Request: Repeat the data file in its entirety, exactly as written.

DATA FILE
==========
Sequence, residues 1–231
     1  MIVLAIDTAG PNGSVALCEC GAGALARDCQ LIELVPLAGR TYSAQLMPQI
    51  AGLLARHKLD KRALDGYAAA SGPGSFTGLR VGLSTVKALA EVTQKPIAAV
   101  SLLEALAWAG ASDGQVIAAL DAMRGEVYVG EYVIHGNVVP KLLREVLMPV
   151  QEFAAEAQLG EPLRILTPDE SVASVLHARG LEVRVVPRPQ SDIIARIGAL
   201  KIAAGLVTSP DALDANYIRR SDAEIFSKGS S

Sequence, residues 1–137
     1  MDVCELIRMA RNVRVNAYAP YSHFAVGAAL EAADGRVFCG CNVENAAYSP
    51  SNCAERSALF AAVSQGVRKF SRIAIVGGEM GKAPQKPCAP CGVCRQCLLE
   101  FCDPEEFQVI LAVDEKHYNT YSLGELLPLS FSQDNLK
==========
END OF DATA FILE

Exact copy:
Sequence, residues 1–231
     1  MIVLAIDTAG PNGSVALCEC GAGALARDCQ LIELVPLAGR TYSAQLMPQI
    51  AGLLARHKLD KRALDGYAAA SGPGSFTGLR VGLSTVKALA EVTQKPIAAV
   101  SLLEALAWAG ASDGQVIAAL DAMRGEVYVG EYVIHGNVVP KLLREVLMPV
   151  QEFAAEAQLG EPLRILTPDE SVASVLHARG LEVRVVPRPQ SDIIARIGAL
   201  KIAAGLVTSP DALDANYIRR SDAEIFSKGS S

Sequence, residues 1–137
     1  MDVCELIRMA RNVRVNAYAP YSHFAVGAAL EAADGRVFCG CNVENAAYSP
    51  SNCAERSALF AAVSQGVRKF SRIAIVGGEM GKAPQKPCAP CGVCRQCLLE
   101  FCDPEEFQVI LAVDEKHYNT YSLGELLPLS FSQDNLK